Because the Arctic is warming much faster than the global average, Arctic nations have a special interest to understand climate responses to hypothetical reductions of greenhouse gas (GHG) emissions and to know whether aggressive mitigation efforts now make good economic sense.
Why it matters
Climate warming threatens a wide variety of essential ecosystem services on a global scale, with notable high rates of change in the Arctic. But how would the climate respond to reduced GHG emissions, and how well do scientists know that reduced emissions can eventually stabilize the climate or forestall worsening impacts? Government decision-makers and the public at large need to understand the degree to which mitigation efforts (actions to limit the magnitude or rate of long-term change) might still reduce the threat of global warming so they can make rational choices and best evaluate the relative cost-beneDit of policy and regulatory options.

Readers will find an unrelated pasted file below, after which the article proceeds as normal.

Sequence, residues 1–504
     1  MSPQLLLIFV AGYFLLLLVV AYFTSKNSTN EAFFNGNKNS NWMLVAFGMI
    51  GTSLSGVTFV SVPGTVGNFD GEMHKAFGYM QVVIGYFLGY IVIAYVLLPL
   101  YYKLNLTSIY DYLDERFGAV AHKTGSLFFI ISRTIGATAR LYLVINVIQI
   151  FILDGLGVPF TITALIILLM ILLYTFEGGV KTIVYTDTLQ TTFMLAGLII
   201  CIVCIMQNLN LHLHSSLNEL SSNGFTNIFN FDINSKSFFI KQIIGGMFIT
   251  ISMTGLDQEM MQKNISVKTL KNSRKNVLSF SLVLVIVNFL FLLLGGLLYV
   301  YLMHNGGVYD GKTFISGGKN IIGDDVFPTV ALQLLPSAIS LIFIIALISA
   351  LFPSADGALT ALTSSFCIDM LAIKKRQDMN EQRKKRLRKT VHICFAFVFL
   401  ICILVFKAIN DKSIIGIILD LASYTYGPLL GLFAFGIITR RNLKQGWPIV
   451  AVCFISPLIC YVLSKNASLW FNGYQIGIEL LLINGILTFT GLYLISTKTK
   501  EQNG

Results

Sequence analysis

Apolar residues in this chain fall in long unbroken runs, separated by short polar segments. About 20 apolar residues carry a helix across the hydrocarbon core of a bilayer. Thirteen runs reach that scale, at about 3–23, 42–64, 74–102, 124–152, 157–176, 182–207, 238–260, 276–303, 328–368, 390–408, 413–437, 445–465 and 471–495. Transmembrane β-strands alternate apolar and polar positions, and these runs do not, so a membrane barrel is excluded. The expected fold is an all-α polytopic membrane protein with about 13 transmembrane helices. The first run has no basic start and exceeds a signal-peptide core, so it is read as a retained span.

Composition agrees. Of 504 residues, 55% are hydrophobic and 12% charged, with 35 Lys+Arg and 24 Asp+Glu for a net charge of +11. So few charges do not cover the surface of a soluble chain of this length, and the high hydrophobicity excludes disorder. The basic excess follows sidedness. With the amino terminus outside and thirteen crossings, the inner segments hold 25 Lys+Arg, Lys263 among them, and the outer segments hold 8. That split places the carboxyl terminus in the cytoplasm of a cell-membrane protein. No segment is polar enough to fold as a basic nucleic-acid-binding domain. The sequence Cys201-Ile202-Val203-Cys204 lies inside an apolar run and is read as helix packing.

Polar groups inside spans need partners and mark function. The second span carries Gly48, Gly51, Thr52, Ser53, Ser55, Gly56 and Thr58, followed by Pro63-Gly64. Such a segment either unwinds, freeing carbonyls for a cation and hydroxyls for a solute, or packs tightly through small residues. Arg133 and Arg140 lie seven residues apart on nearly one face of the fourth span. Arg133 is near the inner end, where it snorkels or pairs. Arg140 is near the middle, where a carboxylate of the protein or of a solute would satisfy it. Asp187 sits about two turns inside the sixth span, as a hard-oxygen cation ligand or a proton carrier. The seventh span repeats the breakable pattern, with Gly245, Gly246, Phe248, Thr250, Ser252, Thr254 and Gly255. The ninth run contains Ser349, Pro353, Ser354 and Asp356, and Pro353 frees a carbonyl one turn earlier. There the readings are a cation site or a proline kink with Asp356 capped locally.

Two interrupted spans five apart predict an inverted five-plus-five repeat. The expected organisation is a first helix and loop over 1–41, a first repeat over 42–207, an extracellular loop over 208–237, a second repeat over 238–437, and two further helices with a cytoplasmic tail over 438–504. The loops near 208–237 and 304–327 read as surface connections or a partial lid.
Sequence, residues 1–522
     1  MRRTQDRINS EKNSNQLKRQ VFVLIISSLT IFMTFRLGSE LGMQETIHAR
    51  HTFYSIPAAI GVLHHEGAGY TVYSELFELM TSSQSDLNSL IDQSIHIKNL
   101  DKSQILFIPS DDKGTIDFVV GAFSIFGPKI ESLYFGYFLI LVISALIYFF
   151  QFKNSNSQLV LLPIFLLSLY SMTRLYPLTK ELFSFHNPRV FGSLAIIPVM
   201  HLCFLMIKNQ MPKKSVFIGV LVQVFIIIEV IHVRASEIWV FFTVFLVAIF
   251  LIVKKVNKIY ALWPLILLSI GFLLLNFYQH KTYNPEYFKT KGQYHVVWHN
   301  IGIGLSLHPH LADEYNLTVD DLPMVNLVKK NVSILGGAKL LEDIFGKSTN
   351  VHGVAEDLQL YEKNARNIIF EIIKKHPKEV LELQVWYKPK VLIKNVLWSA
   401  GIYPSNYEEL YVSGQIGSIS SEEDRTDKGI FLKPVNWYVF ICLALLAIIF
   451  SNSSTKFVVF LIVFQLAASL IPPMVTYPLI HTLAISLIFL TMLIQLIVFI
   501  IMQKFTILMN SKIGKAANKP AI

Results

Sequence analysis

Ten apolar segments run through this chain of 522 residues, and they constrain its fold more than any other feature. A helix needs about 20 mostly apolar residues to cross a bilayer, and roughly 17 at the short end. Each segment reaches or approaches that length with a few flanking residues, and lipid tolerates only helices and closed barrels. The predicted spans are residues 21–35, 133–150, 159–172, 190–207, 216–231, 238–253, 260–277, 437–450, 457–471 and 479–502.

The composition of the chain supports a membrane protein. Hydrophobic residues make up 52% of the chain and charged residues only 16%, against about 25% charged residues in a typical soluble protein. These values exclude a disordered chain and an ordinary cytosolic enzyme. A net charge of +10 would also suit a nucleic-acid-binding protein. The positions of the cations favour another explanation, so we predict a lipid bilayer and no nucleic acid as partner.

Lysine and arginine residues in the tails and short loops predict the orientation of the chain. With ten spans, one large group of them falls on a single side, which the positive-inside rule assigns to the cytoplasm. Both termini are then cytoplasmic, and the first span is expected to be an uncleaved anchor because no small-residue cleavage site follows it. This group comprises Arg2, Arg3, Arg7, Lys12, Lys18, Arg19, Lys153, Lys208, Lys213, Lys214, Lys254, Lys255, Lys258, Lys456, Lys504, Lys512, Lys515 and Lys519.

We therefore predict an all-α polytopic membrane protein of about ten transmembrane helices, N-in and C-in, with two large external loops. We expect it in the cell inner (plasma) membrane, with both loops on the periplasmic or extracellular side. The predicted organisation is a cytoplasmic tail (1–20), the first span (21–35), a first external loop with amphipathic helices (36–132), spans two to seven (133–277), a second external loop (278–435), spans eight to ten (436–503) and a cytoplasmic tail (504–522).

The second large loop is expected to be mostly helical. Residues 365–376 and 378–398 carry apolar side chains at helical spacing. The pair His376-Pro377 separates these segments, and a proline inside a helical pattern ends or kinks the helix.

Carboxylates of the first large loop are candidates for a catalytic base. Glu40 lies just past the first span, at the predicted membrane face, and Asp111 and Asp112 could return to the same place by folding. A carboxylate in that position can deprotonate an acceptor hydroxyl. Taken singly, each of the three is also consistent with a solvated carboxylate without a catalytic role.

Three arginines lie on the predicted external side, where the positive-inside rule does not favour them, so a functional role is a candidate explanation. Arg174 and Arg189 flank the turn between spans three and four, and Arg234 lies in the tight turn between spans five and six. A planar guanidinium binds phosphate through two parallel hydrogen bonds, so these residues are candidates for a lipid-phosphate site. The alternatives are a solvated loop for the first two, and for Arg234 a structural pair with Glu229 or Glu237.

Product type: Science Brief
Categories: Cross-Cutting Topics
- Dee Williams, U.S. Geological Survey